Ruble Hits 2-Year High
On Friday, the Russian ruble surged to a more than two-year high against the euro, aided by capital controls, as Russia looked to make a last-ditch effort to avert default. The central bank lowered interest rates by 300 basis points, 14 percent.
The finance ministry appeared to do a last-minute U-turn to prevent a default, paying several already-overdue international debt payments in dollars after paying them only in rubles.
The Bank of Russia dropped its key interest rate by 300 basis points for the second time this month; this action shocked economists who had predicted a lesser fall.
Recently, the ruble has strengthened as export-oriented firms sold their foreign exchange earnings to meet local liabilities that could top 3 trillion rubles ($43 billion) this month.
The ruble had fully recovered to pre-February 24 levels when Russia launched a “special military operation” in Ukraine, resulting in unprecedented Western sanctions, including a freeze on Russia’s reserves and steps to limit Russian banks’ access to the global financial system.
Shift to The Ruble in Kherson
Kherson, in southern Ukraine, was the first major city to fall to Russian forces. The city was encircled within the first several days of the assault; significant areas of it lost access to water, electricity, and food. It may do so by installing a Russian-backed administration, as it did in Donetsk and Luhansk in 2014; it could oust local politicians and put pro-Russian elites in control of territory ripped from Kyiv’s authority; which Russia invaded the same year.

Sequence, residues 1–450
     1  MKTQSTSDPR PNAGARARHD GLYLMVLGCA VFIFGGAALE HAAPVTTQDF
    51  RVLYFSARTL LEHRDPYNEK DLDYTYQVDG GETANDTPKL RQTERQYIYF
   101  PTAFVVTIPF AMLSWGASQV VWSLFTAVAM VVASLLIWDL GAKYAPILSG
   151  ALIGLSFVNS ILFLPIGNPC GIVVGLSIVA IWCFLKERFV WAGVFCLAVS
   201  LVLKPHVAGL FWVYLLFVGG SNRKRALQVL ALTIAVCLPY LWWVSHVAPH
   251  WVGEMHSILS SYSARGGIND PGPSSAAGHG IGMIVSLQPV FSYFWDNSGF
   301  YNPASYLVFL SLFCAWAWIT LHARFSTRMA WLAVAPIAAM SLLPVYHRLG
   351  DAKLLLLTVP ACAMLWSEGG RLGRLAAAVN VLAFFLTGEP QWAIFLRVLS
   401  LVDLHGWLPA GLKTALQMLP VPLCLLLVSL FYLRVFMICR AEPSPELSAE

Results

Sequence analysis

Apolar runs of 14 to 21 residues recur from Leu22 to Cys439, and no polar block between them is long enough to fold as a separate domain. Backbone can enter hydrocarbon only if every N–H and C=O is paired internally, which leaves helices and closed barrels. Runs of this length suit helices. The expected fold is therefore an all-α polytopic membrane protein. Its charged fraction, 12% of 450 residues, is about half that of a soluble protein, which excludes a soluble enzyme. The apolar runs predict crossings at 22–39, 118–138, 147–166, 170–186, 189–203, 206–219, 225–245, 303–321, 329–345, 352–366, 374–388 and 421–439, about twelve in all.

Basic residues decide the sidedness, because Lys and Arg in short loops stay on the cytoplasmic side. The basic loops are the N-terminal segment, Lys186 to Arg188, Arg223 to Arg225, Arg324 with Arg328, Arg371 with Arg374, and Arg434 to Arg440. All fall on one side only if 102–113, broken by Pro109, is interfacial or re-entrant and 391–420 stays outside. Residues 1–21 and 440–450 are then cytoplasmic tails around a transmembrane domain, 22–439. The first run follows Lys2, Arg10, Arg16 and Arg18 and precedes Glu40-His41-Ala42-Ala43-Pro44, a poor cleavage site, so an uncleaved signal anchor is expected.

A referendum in Kherson would be held to maintain the “veneer of legality” for direct annexation of southern Ukrainian areas or acknowledgement of their independent statehood and potential incorporation into Russia. Kherson, a Black Sea city of around 300,000 people, is strategically vital to Russia. Moreover, Kherson, located directly on the Russian-annexed Crimean peninsula, serves as a gateway to southern Ukraine. It has crucial sea and river ports; moreover, it is on the Dnieper River, which allows Russia to shut off Ukrainian forces from the Black Sea coast.
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